Read Archbishop Justin Welby's article in Saga magazine, reminding us of our power to bring light and hope in dark times. 
Christmas nativity

 

Christmas Greetings to you all. Many of us will be thinking that this will be a Christmas like no other that we can recall, with the possible exception of those who remember the Second World War. Even then, in spite of bombs and shortages, there were no legal restrictions on getting together with family and friends, however hard the separations of war service were.  This year is likely to feel very different.  Not only may we not be able to be with those we love but, if we do manage to join family and friends, we may all feel properly inhibited about giving each other the usual hugs and kisses.  For most of us, I suspect, this is the cruellest effect of the Coronavirus – we long to be with those dear to us and to feel their touch but we are acutely aware that, in doing so, we may threaten their health and they may threaten ours.

 

Like you, I have been affected by the constant uncertainty which has come to govern our lives.  The smallest things that we used to take for granted suddenly make us pause and think.  Is it safe to pick up the post from the doormat?  Should we venture out to the shops?  When should we wear masks?  Can we pop to the local café for a cup of tea and a chat? Even the scientists on whom we rely to advise us have been feeling their way as they have learned more about this novel virus.  I expect that a lot of you have learned how to use Zoom and other electronic ways of keeping in contact with people, but we all know that they are not the same as sitting down face to face and chatting. There is a danger that, quite understandably, people may give up hope.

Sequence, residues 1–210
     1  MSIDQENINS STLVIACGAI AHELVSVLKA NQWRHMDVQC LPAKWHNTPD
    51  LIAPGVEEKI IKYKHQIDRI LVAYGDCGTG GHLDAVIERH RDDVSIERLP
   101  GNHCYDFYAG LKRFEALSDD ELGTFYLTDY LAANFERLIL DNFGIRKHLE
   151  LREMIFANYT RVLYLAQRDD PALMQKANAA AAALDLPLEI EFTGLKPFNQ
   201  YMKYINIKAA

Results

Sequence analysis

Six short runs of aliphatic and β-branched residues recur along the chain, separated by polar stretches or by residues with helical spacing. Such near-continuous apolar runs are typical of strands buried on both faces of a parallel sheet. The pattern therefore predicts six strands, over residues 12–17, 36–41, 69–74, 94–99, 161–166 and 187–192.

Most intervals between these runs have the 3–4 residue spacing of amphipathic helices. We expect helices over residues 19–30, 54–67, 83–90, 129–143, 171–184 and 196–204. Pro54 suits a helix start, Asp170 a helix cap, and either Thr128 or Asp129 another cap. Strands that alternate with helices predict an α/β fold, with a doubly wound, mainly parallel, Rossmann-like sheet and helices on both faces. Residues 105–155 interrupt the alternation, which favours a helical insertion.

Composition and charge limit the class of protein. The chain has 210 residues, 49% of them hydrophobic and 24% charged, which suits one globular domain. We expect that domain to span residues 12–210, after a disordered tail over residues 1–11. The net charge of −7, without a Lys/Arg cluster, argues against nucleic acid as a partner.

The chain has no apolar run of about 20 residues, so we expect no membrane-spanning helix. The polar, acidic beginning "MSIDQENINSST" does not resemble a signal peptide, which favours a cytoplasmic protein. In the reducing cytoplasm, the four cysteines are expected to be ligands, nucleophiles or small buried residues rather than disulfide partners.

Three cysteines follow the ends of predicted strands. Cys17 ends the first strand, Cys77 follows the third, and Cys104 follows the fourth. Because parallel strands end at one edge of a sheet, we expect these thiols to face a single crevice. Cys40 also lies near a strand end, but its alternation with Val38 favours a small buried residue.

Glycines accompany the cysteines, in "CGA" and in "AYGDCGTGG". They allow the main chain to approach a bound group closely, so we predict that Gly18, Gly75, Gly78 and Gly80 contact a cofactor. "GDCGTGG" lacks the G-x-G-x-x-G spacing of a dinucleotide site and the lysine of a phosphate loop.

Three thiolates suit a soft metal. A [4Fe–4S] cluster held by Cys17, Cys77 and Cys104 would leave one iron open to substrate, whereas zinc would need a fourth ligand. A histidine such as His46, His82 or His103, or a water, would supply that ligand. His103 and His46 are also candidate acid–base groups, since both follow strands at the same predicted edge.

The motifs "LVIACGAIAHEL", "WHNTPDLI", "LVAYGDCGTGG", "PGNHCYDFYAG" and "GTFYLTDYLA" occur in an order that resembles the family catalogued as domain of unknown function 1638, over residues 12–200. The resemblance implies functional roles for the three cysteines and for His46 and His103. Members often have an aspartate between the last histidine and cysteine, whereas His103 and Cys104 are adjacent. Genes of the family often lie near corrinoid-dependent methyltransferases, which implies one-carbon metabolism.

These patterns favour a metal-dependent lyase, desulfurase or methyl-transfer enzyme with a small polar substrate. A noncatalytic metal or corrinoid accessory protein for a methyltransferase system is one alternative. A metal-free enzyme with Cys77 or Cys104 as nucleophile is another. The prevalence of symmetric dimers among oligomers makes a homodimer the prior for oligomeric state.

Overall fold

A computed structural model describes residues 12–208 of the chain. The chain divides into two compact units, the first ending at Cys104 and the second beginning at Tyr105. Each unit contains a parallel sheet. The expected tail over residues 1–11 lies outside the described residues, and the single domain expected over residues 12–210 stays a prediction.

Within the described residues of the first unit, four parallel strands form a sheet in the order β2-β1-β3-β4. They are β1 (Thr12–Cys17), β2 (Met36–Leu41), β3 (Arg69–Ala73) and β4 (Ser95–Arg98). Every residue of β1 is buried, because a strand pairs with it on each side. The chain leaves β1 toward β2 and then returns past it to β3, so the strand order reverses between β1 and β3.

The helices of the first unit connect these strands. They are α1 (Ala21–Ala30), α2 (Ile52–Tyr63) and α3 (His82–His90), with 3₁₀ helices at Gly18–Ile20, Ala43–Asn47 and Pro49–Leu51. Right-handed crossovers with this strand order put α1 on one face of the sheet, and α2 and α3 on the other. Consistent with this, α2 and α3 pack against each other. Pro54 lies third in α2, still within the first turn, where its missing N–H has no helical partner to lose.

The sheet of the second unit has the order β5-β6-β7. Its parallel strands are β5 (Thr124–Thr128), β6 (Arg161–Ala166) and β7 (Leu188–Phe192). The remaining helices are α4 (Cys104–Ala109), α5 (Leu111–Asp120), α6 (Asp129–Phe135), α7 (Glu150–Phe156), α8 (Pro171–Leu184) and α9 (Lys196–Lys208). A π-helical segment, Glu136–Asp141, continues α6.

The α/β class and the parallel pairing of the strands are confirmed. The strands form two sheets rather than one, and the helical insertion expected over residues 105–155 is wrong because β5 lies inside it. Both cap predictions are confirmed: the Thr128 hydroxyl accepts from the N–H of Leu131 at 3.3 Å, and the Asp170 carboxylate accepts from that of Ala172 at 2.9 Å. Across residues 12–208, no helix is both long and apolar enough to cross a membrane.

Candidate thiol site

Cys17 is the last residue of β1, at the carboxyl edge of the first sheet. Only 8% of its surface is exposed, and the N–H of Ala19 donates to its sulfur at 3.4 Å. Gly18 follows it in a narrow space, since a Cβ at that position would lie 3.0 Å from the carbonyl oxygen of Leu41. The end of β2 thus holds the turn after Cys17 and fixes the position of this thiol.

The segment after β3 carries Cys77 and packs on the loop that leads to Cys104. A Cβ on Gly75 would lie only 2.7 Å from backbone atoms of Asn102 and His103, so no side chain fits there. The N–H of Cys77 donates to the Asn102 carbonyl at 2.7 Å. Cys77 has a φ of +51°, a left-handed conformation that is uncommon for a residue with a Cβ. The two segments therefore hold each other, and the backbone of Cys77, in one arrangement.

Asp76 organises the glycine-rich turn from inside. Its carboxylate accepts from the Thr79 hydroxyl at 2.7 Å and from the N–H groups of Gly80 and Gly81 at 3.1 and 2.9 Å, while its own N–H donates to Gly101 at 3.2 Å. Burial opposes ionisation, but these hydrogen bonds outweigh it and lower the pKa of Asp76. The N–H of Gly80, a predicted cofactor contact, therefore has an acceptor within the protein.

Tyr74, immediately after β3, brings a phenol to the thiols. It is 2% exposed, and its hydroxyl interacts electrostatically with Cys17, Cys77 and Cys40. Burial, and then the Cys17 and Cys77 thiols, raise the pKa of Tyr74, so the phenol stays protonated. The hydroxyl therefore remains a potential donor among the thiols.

Do not give up hope.  Christmas is the time when we as Christians celebrate the birth of Jesus, the Son of God, the Light of the World.  If we are feeling vulnerable in our present circumstances, let us not forget that he was born a helpless baby, exposed to all the dangers that threaten the life of a new-born.  In the Gospels, we read of how he brought new life and hope to the hopeless, those who felt rejected, those who felt abandoned.  He was and is with all who suffer, all who are lonely, desperate or afraid. 

 

This will be a Christmas like no other but we all have it in our power to defy the darkness and to rejoice in our annual celebration of the birth of our Saviour.  This is not just a question of putting on a brave face, keeping calm and carrying on.  Every one of us can do something positive to bring the Christmas light to someone less fortunate.  Pick up the phone to someone you haven’t spoken to for a while and who may be craving the sound of a human voice.  Don’t worry about what to say – it will come to you.  What matters to the person on the other end is that you remembered them and made the effort. That could be a precious gift this Christmas.  You can be the bearer of comfort and joy.  It is in our power be a small light to lighten the darkness. Wherever you are, and however you will be celebrating, I wish you a happy and blessed Christmas.

 

This article was first published in the December 2020 issue of Saga magazine.


Source URL: https://www.archbishopofcanterbury.org/speaking-writing/articles/christmas-no-other